Beware of Toxic Hand Sanitizers
The U.S. Food and Drug Administration (FDA) is warning of potentially dangerous hand sanitizers currently marketed for protection against the spread of COVID-19. To date, more than 100 brands of hand sanitizers have been recalled. The latest recall warns of toxic hand sanitizers that are contaminated with 1-propanol, a toxin that can cause life-threatening reactions when ingested.
The FDA has recalled certain brands of toxic hand sanitizers that consumers should avoid. Certain products, including those made by Harmonic Nature in Mexico, contain a dangerous component that can harm adults and children. According to FDA warnings, young children who accidentally ingest the products, as well as adolescents and adults who may drink them as a substitute for alcohol, are at greater risk of injury and death. Product labels say they contain ethanol or isopropyl alcohol, but products have tested positive for 1-propanol, a known toxic ingredient.
The FDA warns that ingesting 1-propanol can damage the central nervous system and cause a variety of serious conditions that may lead to death. Symptoms of 1-propanol exposure include:
- Breathing difficulties
- Slowed pulse rate
- Mental confusion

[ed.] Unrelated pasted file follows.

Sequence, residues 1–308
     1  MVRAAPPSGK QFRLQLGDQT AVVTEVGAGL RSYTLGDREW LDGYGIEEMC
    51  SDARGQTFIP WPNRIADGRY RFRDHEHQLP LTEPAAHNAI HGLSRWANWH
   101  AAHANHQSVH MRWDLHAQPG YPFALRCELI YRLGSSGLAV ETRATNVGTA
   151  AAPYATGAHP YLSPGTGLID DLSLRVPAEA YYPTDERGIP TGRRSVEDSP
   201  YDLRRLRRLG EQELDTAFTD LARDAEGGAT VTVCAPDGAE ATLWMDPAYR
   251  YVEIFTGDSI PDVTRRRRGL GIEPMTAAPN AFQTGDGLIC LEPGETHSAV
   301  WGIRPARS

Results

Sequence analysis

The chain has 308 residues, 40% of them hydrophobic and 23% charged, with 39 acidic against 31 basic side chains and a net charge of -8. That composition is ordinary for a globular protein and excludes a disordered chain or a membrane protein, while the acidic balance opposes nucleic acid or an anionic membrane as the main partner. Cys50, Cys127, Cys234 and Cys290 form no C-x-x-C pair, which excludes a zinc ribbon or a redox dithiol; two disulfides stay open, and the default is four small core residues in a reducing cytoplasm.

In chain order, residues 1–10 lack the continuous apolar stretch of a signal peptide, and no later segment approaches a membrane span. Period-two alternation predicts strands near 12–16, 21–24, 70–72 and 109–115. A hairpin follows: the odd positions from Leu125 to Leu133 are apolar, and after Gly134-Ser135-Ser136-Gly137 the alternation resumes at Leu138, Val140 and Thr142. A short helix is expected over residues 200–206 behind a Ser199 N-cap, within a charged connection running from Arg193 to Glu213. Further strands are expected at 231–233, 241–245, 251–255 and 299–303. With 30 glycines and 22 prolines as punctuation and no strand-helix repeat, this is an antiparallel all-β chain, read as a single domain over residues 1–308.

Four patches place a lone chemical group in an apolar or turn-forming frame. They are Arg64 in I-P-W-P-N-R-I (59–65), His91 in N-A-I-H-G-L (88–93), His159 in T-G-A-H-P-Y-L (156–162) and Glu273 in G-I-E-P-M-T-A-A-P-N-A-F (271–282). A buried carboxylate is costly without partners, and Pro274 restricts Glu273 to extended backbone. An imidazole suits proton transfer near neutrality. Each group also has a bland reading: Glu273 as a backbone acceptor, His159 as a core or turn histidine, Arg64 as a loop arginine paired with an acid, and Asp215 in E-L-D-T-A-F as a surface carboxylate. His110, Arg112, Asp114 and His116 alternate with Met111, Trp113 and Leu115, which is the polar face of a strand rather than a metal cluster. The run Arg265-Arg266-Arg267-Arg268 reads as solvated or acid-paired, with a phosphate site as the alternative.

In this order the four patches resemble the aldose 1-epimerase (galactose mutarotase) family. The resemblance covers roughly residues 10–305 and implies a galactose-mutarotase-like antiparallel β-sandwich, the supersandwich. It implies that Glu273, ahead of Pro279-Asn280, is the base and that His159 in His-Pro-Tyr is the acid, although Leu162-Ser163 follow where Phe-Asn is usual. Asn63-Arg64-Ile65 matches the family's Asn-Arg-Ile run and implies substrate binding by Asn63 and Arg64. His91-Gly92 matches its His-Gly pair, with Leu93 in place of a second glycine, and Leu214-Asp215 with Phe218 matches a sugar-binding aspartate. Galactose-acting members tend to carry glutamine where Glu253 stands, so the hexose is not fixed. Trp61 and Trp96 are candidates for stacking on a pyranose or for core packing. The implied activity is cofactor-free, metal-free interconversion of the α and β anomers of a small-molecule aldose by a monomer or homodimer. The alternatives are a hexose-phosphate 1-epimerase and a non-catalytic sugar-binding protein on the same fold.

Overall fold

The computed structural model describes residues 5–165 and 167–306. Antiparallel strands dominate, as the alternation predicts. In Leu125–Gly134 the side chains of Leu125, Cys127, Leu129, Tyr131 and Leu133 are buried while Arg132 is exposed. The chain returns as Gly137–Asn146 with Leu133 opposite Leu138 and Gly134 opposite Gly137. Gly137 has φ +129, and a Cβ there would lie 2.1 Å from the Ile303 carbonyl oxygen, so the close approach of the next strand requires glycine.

- Loss of consciousness
- Eye and skin irritations
- Allergic reactions
Most hand sanitizers flagged by the FDA are manufactured in Mexico and contaminated with methanol, also known as wood alcohol. When swallowed or absorbed through the skin, wood alcohol can be deadly, especially to young children. Since May, 26 people were hospitalized and 4 people died after ingesting hand sanitizer containing methanol in Arizona. In June, the New Mexico Department of Health reported three people who were critically injured, three deaths, and one person who suffered permanent blindness from methanol poisoning.
While the Centers for Disease Control and Prevention (CDC) and state health officials accept hand sanitizers as an adequate substitute for handwashing as protection against COVID-19, the growing use of unsafe hand sanitizers has led to a rise in accidental poisonings seen by personal injury lawyers. According to the National Poison Control Center, there was a 59% spike in calls to the 55 poison control centers around the country in July. This accounts for more than 18,000 cases of accidental poisoning, and 12,000 cases involved children who were five years old and younger.